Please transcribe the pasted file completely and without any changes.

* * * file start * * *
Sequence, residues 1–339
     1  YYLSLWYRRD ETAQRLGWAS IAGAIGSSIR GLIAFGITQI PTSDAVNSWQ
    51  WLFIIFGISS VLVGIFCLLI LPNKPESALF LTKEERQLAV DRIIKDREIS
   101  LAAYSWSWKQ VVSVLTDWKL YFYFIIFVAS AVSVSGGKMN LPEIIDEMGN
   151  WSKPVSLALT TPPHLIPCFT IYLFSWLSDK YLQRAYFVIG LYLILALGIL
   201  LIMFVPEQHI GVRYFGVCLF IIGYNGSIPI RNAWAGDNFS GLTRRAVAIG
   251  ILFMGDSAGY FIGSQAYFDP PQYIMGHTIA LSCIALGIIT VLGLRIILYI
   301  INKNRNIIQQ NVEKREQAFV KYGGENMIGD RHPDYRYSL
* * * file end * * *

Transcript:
Sequence, residues 1–339
     1  YYLSLWYRRD ETAQRLGWAS IAGAIGSSIR GLIAFGITQI PTSDAVNSWQ
    51  WLFIIFGISS VLVGIFCLLI LPNKPESALF LTKEERQLAV DRIIKDREIS
   101  LAAYSWSWKQ VVSVLTDWKL YFYFIIFVAS AVSVSGGKMN LPEIIDEMGN
   151  WSKPVSLALT TPPHLIPCFT IYLFSWLSDK YLQRAYFVIG LYLILALGIL
   201  LIMFVPEQHI GVRYFGVCLF IIGYNGSIPI RNAWAGDNFS GLTRRAVAIG
   251  ILFMGDSAGY FIGSQAYFDP PQYIMGHTIA LSCIALGIIT VLGLRIILYI
   301  INKNRNIIQQ NVEKREQAFV KYGGENMIGD RHPDYRYSL